Movie Depicts Consequences of Oil Crisis
NEW YORK (Reuters) - Think $55 a barrel oil is bad? Wait till a hurricane knocks out a U.S. pipeline and a port at the same time that militants are killing hostages in Saudi Arabia, sending oil prices over $150 a barrel.
That's the premise of "Oil Storm," a television docudrama set to premiere in the United States on Sunday. The movie uses exaggerated real life events and fictional characters to examine America's dependence on oil and the havoc a major disruption in supply could wreak on ordinary people.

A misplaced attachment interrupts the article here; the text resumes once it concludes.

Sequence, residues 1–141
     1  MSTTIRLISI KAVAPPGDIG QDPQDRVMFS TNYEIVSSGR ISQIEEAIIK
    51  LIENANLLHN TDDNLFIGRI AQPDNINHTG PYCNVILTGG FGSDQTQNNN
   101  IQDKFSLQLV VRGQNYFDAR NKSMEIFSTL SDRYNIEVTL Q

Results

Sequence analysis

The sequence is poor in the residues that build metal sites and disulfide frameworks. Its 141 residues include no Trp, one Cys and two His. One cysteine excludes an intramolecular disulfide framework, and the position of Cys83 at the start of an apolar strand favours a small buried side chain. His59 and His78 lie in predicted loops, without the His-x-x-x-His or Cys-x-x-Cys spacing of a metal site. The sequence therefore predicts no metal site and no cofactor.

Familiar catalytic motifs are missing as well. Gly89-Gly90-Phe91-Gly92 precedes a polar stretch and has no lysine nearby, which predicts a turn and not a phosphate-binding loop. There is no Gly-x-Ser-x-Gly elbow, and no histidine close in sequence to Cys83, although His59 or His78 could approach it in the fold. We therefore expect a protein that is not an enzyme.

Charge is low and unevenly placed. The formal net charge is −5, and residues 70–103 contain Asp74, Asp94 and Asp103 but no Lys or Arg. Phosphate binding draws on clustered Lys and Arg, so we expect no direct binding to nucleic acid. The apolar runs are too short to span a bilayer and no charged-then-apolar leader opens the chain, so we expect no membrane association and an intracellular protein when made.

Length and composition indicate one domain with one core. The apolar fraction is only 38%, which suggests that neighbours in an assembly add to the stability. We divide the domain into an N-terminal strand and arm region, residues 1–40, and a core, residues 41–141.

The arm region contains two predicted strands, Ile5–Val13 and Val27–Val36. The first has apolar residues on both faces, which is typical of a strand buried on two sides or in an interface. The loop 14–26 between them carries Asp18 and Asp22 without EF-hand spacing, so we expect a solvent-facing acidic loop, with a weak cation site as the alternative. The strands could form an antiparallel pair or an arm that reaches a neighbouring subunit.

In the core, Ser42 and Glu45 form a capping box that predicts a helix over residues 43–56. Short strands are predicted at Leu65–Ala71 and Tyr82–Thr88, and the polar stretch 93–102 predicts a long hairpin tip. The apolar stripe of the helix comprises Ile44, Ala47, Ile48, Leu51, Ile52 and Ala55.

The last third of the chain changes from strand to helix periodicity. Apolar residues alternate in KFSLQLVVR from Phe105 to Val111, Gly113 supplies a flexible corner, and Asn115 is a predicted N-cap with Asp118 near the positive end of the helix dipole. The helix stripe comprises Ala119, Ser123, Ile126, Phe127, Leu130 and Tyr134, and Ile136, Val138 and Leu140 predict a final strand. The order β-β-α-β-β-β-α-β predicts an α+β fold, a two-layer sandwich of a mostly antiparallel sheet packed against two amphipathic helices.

The movie depicts -- albeit in the extreme -- what energy markets have spent much of the past year fretting about: hurricanes that can rip apart oil infrastructure and war and turbulence in the Middle East, which have driven crude prices to record highs.
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